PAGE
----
Homeless at Christmas

The following is a guest post, sharing the work of the Church Urban Fund.

For most of us in the UK the cold days and colder nights of winter are a chance to don our woollen hats and scarves and hurry from place to place without much risk of getting seriously cold.  For some of us though, indeed for an increasing amount of people, the cold of winter brings with it a very real risk – a fatal one. Recent statistics state that on any one night there are over 4,750 people sleeping rough in England. For these people who live on the streets,  winter is remorseless. Last year over 450 people died on the streets, from various causes, including acute hypothermia.

The numbers of people who sleep on our streets are rapidly increasing. Since 2010 the UK has seen a rise of nearly 170% of rough sleepers. The two main causes of homelessness in this country are the end of a private tenancy (the number of households evicted from a privately rented home has accounted for 78% of the rise in homelessness since 2011) or a life event (such as a relationship breakdown, a redundancy, or leaving prison or the armed forces).

It’s not just the cold that reminds us about homelessness at this time of year, but the familiar Christmas story also helps us to reflect on the issue. After the annunciation Mary, a pregnant teenager, leaves her home to stay with her cousin Elizabeth – is this a biblical version of sofa-surfing for this soon-to-be young mum? When the census forces her and Joseph on a dangerous journey to Bethlehem where they find inadequate lodging in a stable for Mary to give birth. Jesus is born into homelessness and then, with his parents, is forced to flee as a refugee to escape Herod’s violent regime. Homelessness is an experience the holy family were very familiar with.

For Christians the Gospel message of loving your neighbour and serving the poor calls us to respond to the issue of homelessness. When reflecting on homelessness, I cannot help but think of Jesus’ words: ‘whatever you did for one of the least of these brothers and sisters of mine, you did for me’. What are we doing for our brothers and sisters who are experiencing homelessness?

Of course there are multiple ways that we as Christians can help make a difference to the lives of people experiencing homelessness, but one specific way is through the work of the Church Urban Fund – a Christian social action charity working around the country to tackle issues such as homelessness. The Church Urban Fund mobilises communities around the country to offer life-saving services to people experiencing homelessness through Winter Night Shelters and programmes which support people on the journey from rough sleeping to something more stable and sustainable.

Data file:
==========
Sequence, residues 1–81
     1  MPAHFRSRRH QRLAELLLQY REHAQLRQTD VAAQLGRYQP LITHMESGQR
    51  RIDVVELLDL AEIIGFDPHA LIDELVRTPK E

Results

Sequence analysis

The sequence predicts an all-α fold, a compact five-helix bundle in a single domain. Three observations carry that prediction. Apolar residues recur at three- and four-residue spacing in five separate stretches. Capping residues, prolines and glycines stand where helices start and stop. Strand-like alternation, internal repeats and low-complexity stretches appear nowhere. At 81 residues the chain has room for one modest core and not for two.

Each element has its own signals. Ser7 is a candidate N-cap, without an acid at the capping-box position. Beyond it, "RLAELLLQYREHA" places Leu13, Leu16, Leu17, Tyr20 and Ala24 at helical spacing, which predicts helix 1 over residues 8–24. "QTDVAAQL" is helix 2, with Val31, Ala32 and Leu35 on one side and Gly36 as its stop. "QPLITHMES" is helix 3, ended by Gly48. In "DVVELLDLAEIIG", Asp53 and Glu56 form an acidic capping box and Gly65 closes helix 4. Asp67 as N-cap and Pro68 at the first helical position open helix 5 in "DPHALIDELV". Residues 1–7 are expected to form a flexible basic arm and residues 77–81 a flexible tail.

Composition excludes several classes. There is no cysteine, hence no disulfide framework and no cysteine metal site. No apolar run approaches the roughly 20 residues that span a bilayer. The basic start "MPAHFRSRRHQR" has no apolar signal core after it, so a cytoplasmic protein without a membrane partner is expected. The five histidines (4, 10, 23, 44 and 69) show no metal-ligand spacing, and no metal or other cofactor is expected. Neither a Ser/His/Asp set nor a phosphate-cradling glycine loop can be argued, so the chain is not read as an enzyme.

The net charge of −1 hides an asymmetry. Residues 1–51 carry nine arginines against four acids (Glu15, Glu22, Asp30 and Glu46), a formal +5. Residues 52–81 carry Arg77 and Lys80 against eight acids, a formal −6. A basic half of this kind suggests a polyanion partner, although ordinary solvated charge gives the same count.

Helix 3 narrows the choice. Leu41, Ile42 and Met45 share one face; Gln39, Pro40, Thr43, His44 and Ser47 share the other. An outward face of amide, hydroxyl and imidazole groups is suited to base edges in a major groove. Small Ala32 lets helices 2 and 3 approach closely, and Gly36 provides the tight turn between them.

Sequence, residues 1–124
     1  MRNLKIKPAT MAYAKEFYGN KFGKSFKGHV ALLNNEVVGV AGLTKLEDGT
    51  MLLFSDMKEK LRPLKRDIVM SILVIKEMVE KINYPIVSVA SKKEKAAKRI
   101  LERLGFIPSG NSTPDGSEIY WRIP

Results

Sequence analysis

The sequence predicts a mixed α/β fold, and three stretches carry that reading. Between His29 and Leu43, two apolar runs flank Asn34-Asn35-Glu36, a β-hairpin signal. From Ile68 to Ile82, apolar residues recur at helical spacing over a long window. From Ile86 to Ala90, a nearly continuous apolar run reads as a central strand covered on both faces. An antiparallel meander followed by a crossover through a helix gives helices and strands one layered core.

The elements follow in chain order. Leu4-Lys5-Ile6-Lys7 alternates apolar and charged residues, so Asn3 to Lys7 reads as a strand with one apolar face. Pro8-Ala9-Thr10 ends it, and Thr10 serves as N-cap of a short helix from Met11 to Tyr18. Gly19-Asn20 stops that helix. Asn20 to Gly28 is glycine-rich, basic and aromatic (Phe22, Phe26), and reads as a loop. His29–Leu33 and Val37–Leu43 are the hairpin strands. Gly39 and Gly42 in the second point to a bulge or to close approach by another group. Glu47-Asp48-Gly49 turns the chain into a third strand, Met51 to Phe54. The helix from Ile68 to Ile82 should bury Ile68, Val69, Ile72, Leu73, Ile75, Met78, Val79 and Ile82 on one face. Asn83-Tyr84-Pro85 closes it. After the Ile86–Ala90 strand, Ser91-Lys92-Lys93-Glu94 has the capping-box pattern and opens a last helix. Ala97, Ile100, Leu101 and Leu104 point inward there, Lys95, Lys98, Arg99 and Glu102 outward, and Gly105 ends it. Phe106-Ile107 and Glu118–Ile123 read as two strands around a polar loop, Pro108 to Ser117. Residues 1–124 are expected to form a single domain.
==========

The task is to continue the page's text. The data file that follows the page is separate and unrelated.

One person who the Church Urban Fund helped was Tom, who was offered a bed in a winter night shelter; he wrote: “I’m Tom. I’m 26. I was homeless. Some people are homeless because of drugs and stuff like that. That wasn’t my problem. Some people are homeless because of their mental state. That’s partly why I was homeless because of my mental health… My family just abandoned me. And I was going through a really rough time, sleeping on a mate’s sofa when I could, but otherwise I just had to sleep rough on the streets.

“It was a really difficult time being homeless, I was at the point that I wanted to kill myself. If I hadn’t got the help when I needed it, yeah, I wouldn’t be here. I got referred to this winter night shelter. They provided a warm bed, a listening ear and hot meals. It was very welcoming and homely. I was there for two months and they even supported me when I had to attend court.

“At the shelter, there was a volunteer who found out that I had worked in catering in the past. She suggested I attend an interview at a local guest house. I got the job! And a permanent place to stay. With homelessness there’s always more that could be done, but what they have done for me here is beyond expectation.”

Tom’s life was transformed because of the care offered to him through the work of Church Urban Fund. There are so many other lives that could be saved and changed by people like you and me, by Christians who respond to Jesus call to serve others. This winter plummeting temperatures and the story of the baby with no crib for a bed remind us of the struggle of people experiencing homelessness – a struggle many of us have in our power to alleviate, or even, to end.

To support the work of Church Urban Fund please donate here.

About Alastair Roberts

Alastair Roberts (PhD, Durham University) writes in the areas of biblical theology and ethics, but frequently trespasses beyond these bounds. He participates in the weekly Mere Fidelity podcast, blogs at Alastair’s Adversaria, and tweets at @zugzwanged.
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